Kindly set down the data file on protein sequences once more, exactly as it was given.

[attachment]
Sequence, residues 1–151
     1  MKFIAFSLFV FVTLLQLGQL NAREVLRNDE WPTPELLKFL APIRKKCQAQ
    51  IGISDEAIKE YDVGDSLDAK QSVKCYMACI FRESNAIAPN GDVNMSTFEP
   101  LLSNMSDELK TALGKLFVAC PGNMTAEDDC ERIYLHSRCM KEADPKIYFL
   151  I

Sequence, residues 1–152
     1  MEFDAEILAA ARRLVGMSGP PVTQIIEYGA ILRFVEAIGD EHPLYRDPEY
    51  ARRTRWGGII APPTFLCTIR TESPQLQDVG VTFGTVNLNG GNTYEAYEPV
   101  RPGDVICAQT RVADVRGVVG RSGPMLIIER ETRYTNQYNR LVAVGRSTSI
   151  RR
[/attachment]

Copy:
Sequence, residues 1–151
     1  MKFIAFSLFV FVTLLQLGQL NAREVLRNDE WPTPELLKFL APIRKKCQAQ
    51  IGISDEAIKE YDVGDSLDAK QSVKCYMACI FRESNAIAPN GDVNMSTFEP
   101  LLSNMSDELK TALGKLFVAC PGNMTAEDDC ERIYLHSRCM KEADPKIYFL
   151  I

Sequence, residues 1–152
     1  MEFDAEILAA ARRLVGMSGP PVTQIIEYGA ILRFVEAIGD EHPLYRDPEY
    51  ARRTRWGGII APPTFLCTIR TESPQLQDVG VTFGTVNLNG GNTYEAYEPV
   101  RPGDVICAQT RVADVRGVVG RSGPMLIIER ETRYTNQYNR LVAVGRSTSI
   151  RR